The biggest businesses now in the athletic wear space have invested heavily in growing their womenswear lines—especially in developing new fabrics and features for the once-simple yoga pant. In 2014, Nike Inc. began working toward a $7 billion sales target for its women’s business, reporting almost $5 billion in revenue. Executives realized women were “driving a larger global movement of health and fitness.” A year later, the company reported that the global growth for women’s business was outpacing that of men. That same year, Adidas AG began directing its youth brand, Neo, toward younger women. The German sports giant even brought on former Lululemon Chief Executive Officer Christine Day as a strategic adviser.
Adidas quickly became a formidable threat to Lululemon’s dominance. Early steps turned into exclusive designs for women through the PureBoost X line, leading to an even larger emphasis on active tops and bottoms, using technology called Climachill and Techfit, both focused on women’s training. Last year, women’s sales for Adidas grew by 28 percent, making it one of the company’s strongest segments.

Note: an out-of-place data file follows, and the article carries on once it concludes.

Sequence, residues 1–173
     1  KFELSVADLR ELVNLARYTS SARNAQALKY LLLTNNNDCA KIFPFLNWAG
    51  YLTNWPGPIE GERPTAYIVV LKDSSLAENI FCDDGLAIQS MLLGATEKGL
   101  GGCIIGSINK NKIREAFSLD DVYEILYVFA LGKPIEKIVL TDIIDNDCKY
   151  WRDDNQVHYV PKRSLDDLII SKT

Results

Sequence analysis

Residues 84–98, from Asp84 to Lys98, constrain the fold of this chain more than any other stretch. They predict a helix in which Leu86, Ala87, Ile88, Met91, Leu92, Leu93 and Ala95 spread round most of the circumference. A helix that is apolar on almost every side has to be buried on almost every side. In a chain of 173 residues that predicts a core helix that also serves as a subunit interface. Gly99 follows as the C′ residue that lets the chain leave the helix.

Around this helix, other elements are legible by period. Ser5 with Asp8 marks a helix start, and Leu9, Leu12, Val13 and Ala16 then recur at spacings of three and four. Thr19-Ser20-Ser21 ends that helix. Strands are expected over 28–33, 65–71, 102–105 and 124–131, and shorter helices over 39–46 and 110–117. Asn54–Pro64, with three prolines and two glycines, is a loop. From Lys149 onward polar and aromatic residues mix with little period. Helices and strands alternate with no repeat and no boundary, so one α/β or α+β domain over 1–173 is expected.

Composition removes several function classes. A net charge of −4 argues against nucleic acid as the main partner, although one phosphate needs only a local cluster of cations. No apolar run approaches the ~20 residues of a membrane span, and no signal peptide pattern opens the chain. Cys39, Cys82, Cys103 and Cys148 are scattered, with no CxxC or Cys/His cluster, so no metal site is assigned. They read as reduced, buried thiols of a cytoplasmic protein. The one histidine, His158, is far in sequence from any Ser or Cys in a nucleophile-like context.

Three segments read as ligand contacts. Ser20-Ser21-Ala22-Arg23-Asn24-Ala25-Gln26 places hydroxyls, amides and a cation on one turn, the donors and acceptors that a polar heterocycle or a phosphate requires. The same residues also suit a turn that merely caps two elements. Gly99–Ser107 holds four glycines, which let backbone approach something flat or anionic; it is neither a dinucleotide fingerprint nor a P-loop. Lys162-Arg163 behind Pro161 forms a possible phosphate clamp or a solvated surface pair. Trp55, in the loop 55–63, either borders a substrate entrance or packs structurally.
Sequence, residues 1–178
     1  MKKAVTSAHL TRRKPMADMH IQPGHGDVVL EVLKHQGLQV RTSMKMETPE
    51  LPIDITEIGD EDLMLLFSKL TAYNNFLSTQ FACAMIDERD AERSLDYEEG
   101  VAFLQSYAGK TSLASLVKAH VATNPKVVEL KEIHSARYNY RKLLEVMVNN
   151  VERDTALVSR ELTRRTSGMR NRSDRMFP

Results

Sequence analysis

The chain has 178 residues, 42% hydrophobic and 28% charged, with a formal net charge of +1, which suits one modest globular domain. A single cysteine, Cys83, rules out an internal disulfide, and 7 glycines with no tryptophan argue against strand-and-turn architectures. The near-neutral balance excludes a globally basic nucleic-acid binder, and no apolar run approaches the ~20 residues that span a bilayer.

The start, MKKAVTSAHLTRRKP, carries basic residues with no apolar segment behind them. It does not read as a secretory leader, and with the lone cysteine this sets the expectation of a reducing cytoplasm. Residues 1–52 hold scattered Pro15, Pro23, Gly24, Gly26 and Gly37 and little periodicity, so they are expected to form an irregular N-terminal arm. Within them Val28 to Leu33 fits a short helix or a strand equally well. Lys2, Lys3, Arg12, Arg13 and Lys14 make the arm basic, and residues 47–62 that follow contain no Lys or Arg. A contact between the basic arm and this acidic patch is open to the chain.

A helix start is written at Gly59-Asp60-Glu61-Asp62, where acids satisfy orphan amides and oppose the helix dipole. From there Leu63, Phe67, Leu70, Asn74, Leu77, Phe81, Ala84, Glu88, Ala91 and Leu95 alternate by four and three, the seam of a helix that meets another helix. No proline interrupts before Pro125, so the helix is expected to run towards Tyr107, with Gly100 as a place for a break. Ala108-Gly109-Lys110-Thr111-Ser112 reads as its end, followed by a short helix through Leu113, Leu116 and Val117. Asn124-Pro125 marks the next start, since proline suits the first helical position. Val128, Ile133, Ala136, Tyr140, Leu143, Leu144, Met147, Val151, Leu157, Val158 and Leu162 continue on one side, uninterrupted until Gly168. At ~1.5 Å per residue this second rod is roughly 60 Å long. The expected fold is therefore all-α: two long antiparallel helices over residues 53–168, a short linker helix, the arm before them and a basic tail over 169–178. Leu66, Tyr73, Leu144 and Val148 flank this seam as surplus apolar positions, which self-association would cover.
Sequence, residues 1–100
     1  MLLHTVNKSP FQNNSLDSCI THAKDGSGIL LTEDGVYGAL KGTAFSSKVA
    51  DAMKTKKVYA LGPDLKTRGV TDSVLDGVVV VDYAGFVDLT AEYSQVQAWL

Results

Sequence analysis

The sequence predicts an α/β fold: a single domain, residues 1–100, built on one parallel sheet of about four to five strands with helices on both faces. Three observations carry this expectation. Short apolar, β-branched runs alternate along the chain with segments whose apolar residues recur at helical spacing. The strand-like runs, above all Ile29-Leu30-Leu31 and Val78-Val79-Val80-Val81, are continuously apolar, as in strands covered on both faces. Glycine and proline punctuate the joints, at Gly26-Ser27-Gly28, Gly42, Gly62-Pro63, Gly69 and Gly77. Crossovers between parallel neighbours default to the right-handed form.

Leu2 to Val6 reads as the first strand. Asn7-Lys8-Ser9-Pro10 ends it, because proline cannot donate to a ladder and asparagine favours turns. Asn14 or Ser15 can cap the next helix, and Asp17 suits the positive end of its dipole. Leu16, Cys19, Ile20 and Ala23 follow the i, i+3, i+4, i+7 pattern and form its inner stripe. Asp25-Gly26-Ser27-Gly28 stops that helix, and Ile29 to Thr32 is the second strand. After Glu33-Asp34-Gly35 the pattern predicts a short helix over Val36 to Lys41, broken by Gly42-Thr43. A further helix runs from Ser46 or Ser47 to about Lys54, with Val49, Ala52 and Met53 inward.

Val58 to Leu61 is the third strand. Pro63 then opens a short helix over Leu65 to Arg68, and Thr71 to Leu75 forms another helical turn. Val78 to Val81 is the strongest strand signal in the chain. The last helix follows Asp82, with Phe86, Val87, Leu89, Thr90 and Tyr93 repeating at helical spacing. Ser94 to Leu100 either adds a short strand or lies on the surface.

Active bottoms and leggings are now a $1 billion industry, according to NPD Group analyst Marshal Cohen. Their appeal to consumers has yielded rapid sales growth that shows no sign of going away, he said. Where Lululemon found success with female consumers by providing a niche product that could satisfy casual and active uses, major brands such as Adidas and Nike completed the picture, confirming just how strong the athleisure trend could be.
These days, there are more than 11,000 kinds of yoga-specific pants available at retailers worldwide, according to data from retail research firm Edited, across both men’s and women’s apparel.
“Now that this easy-to-fit, easy-to-find, easy-to-wear, easy-to-care-for product has emerged as a fashionable product at the same time, you’ve got the perfect storm,” Cohen said. “You have to be doing something pretty wrong to not have success in this type of product.”